In loving, living memory, John Melançon 1928 – 2007
Summary to a friend:
The first one was quite good. In addition to presenting how messed up things are and the need for radical change in a really good way to talk about, to continue the conversation with just anyone -- how the reaction to squeezed profits is to shift costs onto all of us (less pay for more work, but also tax subsidies, services cuts, so that you can come up with examples forever), the parts that were new to me:
- top 50 hedge fund managers paying themselves an average of $588 million
a year-- more than 50 times fortune 500 CEOS, who are themselves paid 333 times more than the average worker.
- the speculative economy is 95% of the money economy. It's far, far bigger than the real economy
Squeeze out what we have
Who owns oil? If anything, it belongs to everyone in common.
And they use military operations – paid for with our taxes – to get access and control that petroleum.
Pollution is another form of shifting costs.
Asbestos– they knew in the 1930s it was dangerous. And then the company just dec
The internet - taxpayer paid for the development.
Private owners got 40 year mortgages to provide
The whole housing industry and
Book: unjust deserts: between 85 to 90% of all our productivity is from common heritage.
Gus Faith (?) wrote-- as we approach an era of resource scarcity, the amount of
The whole US economy is based on extremely cheap energy.
Massive subsidies for agribus
You can't run a complex economy
Egregious Pennsylvania with the juvenile court system
And immigration– they did not
Me: that applies to people in the U.S. too, we just aren't educated as well.
This is why I love radical economics. There is nothing.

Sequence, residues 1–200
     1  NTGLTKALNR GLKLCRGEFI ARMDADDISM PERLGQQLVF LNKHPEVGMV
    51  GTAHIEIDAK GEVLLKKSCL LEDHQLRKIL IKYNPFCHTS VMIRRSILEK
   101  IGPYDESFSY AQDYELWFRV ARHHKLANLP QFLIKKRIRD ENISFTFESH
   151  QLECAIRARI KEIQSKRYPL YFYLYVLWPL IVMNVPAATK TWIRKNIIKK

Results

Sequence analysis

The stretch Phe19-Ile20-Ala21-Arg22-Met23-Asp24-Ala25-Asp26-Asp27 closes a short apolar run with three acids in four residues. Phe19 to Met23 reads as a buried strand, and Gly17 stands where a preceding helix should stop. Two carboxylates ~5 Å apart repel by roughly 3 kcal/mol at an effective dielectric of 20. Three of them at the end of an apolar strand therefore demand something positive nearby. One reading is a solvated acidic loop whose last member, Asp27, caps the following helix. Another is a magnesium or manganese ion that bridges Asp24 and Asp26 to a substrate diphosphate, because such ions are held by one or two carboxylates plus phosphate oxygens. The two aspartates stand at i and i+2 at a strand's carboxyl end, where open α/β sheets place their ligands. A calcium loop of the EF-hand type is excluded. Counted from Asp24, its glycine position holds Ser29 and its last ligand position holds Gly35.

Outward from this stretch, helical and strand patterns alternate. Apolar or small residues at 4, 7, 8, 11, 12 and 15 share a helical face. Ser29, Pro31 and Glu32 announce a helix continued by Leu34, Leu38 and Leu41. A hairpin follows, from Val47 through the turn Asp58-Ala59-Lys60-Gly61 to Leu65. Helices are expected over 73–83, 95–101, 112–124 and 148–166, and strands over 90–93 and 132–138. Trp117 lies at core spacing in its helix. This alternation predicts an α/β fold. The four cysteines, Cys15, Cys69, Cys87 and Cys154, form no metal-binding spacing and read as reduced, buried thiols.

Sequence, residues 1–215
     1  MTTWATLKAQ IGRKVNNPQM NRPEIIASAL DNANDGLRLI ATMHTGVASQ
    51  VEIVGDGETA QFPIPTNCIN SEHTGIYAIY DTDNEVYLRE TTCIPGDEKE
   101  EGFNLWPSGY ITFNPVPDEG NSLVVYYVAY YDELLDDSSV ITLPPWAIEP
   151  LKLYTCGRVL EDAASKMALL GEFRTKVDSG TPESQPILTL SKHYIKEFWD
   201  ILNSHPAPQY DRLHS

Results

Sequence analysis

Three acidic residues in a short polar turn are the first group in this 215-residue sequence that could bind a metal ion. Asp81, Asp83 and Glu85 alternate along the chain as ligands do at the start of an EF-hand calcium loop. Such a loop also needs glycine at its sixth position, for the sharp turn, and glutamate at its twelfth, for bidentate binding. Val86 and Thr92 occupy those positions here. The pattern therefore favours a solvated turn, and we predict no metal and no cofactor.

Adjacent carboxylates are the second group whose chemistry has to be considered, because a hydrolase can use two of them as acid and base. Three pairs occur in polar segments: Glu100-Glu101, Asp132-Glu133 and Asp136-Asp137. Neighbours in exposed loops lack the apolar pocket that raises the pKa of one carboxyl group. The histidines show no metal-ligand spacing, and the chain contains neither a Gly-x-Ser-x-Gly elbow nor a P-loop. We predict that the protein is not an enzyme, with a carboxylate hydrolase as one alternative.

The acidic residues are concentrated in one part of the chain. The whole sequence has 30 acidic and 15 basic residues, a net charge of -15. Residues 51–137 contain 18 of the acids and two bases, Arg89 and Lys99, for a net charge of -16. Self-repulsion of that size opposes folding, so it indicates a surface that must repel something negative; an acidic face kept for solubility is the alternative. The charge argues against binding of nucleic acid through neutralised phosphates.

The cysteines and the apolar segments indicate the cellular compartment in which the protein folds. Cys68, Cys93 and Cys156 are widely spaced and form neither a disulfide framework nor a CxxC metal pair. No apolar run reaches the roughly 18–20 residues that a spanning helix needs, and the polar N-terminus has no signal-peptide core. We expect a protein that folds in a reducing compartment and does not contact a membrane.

The Working Class Squeeze
More than $3,000 less median per worker
Taxis shifted from wealthy individuals and onto the rest of us
And services are going down. And that's used to recruit working class people
Before the housing crisis half of all home foreclosures was because of medical emergencies.
Private equity firms are investment clubs for rich people. Need a million dollars to invest. And they regularly get 20-30% return on this investment.
In 2004, Goldman Sachs, TPG, Bain Capital buy Burger King for $1.5B, put up only $325M (which is typical)
They also pay themselves from BK:
$30M "transaction fee"
$9M management fee
Loaded BK with debt and paid themselves $357M dividend
$33M bonus for good management
$30M to end management contract
IPO: $425M - still held 75% of stock
2007: sold more stock, $462M, majority share
So they took $1.3B in two years from the $325M plus loan they put up.
so the management stuff went to Goldman Sachs-- they get paid first.
The second circle out is the extremely wealthy private equity investors
then the outside circle, the lenders, just make the usual
This company will be staggering under this debt for a long time.
Moody's said you have loaded this company up with debt and gave a negative rating-- it's got to be really bad for them to say this to the company that hired them for the assessment.
They stripped the future of the company for their present profit.
Company will survive.
also shifting coss onto the public-- a worker at $14K a year -- and the family -- is on every form of public assistance.
They did hire a CEO who turned the company around. Recenly quoted as saying BK is now "the leader in handheld chicken products"
From 1986 to 2002, GM spent:
43% of net income on stock buybacks
52% of net income on dividends
95% paid out, retaining only 5% to finance future operations and growth
if they'd merely banked that, they'd have $33.8B even at the tiniest interest rate of 2.5%
Average worker, $30K a year
S&P500 CEOs $10M a year
Top 50 Hedge & Private Equity Fund Managers
average $588M a year
many a billion or three billion
The problem of extremely and rapidly concentrating wealth-- you have to find a place to invest it.
Profit rates in the real economy are too low (the whole economy is growing only 3% a year)
So: build a casino (economy)
-> make your own rules